ExMachina Hits 1.0 - More Flexible, More Useful and Support for Ecto 2.0

ExMachina is a library that makes creating test data in Elixir both easy and powerful. Since ExMachina’s first announcement in November 2015 we, and a large number of contributors, have been hard at work making ExMachina more flexible, more useful and more stable than ever. Today we’re announcing the public release of ExMachina 1.0.

ExMachina’s CHANGELOG has a quick rundown of what’s changed.

New factory definition syntax

The most noticeable change is the factory definition syntax. Before 1.0 factories looked like this:

def factory(:user) do
  # ...
end

In 1.0 they look like this:

def user_factory do
  # ...
end

Why? We changed the factory definition syntax for a variety of reasons. It is easier to jump to different factories in your factory module with “jump to symbol” that is available in some editors. But more importantly, the new syntax makes it so that you can put functions related to a factory near the factory they belong to.

Here’s an example from pre-1.0:

def factory(:user) do
  # ... return user struct
end

def factory(:comment) do
  # ... return comment struct
end

def make_admin(user) do
  %{user | admin: true}
end

The make_admin/1 function cannot go underneath the user factory function because Elixir will print a warning that the factory/1 functions are not grouped together.

In ExMachina 1.0 we can group similar functions together more easily:

def user_factory do
  # ... return user struct
end

# Now make_admin/1 is close to the factory it uses
def make_admin(user) do
  %{user | admin: true}
end

def comment_factory do
  # ... return comment struct
end

Uses Ecto terminology: create -> insert

Before 1.0 the functions for working with factories were build and create. This was mostly due to habit after working with ActiveRecord and FactoryGirl. Since Ecto uses insert instead of create when talking about saving to the database, we decided to use insert in ExMachina as well.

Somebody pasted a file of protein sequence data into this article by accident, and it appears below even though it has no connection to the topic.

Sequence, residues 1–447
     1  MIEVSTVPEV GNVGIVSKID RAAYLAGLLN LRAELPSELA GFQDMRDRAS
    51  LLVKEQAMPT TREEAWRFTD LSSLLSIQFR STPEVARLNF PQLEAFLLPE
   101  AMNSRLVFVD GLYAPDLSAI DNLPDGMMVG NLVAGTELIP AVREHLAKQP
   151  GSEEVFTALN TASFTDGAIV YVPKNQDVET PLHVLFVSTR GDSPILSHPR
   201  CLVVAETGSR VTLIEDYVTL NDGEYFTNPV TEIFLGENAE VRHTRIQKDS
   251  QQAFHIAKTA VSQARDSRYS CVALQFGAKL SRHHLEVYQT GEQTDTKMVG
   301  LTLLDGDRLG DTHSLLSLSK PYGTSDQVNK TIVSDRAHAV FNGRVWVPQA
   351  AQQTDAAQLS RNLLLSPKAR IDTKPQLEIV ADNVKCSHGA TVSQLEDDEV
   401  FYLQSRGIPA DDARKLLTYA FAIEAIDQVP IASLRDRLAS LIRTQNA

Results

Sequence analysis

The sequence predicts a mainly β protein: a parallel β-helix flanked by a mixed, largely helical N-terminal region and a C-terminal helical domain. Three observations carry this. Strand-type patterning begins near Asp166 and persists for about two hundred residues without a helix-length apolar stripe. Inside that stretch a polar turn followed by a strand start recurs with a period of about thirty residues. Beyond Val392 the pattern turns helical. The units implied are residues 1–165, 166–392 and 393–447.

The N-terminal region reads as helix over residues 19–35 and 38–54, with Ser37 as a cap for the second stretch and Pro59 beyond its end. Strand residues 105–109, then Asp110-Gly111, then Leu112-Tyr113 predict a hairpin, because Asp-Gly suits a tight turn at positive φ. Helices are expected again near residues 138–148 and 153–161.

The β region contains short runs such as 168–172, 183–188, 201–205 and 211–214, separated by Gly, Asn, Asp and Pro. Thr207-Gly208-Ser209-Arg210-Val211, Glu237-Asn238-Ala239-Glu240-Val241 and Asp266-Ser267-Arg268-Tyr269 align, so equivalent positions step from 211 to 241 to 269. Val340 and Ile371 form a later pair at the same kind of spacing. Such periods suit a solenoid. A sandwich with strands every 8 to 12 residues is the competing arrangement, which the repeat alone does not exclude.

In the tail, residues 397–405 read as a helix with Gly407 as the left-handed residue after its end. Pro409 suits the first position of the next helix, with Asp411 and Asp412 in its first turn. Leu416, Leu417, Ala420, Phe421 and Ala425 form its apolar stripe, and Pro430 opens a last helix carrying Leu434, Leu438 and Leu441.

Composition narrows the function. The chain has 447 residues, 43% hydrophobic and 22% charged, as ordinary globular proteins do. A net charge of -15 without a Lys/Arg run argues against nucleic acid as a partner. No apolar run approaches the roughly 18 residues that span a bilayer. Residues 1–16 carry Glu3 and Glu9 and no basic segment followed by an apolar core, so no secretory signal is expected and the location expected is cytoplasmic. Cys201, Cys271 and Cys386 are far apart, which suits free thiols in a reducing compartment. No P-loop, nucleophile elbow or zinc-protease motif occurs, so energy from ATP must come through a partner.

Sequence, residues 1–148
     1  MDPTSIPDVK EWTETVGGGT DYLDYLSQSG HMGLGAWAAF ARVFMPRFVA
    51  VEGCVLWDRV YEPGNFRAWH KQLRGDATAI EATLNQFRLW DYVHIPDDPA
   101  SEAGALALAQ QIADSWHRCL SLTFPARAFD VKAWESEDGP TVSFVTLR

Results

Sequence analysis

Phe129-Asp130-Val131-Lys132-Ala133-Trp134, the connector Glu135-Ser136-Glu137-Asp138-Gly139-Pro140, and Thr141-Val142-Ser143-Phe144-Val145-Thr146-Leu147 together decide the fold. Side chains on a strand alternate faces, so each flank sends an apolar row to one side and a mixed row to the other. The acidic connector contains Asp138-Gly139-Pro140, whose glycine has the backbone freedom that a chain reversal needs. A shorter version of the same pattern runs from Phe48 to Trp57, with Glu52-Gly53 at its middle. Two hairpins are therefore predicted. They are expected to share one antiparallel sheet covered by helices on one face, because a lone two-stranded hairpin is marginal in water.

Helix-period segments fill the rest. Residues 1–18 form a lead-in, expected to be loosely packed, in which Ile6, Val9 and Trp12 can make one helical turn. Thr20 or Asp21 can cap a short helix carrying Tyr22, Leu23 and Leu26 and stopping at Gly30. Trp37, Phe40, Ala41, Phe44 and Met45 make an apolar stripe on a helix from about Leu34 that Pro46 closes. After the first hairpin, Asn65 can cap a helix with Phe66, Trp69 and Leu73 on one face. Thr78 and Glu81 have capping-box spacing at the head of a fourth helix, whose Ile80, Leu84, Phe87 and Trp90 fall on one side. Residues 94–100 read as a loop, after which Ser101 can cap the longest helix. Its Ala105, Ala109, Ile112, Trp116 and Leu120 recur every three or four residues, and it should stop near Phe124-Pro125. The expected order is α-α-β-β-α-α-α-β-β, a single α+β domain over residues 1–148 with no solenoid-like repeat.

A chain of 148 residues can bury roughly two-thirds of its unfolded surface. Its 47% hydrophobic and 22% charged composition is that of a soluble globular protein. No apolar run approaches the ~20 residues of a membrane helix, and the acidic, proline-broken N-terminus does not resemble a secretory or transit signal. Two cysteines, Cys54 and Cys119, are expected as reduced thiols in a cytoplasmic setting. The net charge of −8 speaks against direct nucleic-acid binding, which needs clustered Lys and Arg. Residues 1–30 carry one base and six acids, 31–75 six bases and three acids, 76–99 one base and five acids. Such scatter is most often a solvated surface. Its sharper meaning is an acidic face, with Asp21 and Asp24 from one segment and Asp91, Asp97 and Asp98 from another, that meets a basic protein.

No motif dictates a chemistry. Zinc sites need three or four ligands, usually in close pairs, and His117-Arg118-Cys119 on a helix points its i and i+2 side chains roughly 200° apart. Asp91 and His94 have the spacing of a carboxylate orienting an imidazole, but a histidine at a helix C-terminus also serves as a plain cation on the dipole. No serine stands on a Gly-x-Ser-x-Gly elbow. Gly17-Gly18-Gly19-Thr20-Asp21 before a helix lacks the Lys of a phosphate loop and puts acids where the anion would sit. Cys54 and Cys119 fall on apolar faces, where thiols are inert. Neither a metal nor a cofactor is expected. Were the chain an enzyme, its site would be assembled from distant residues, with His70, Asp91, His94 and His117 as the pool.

It’s also worth noting that Ecto is not required when using ExMachina, but if you use it, Ecto version 2.0 or higher is required now.

Introducing ExMachina.Strategy

Previously ExMachina had a build function that returned the struct or map for that factory, and it also had a create function that performed an action with the struct or map returned from build. When using ExMachina with Ecto, create inserted the struct into the database.

Now instead of including build and create, ExMachina only includes build by default. To perform an action with the map or struct returned from a factory (like inserting it in the database, or encoding it as JSON) you would implement an ExMachina.Strategy. This makes ExMachina very flexible because you can have multiple strategies and can easily extract strategies to share with others as hex packages. For example you could have a strategy for encoding as JSON, and another strategy for encoding as XML.

Don’t worry, ExMachina comes with an ExMachina.EctoStrategy for inserting factories to the database. This module is used automatically when you use ExMachina.Ecto in your factory module.

Getting started with ExMachina 1.0

Check out the README for more info about ExMachina.

Upgrading to ExMachina 1.0

We strived to make upgrading to 1.0 as simple as possible. In mix.exs change your ExMachina version to {:ex_machina, "~> 1.0"}, then run your test suite with mix test. ExMachina will raise errors that tell you how to upgrade to 1.0. Most of the time you can run a couple find-and-replaces and you’re ready to go!

See the CHANGELOG for more details about what’s changed and been added in 1.0.